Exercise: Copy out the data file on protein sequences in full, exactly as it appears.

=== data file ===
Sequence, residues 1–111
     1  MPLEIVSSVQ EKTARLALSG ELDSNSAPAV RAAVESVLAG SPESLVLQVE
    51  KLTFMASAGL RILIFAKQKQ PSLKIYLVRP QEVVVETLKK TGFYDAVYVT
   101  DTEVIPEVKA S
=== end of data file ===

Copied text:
Sequence, residues 1–111
     1  MPLEIVSSVQ EKTARLALSG ELDSNSAPAV RAAVESVLAG SPESLVLQVE
    51  KLTFMASAGL RILIFAKQKQ PSLKIYLVRP QEVVVETLKK TGFYDAVYVT
   101  DTEVIPEVKA S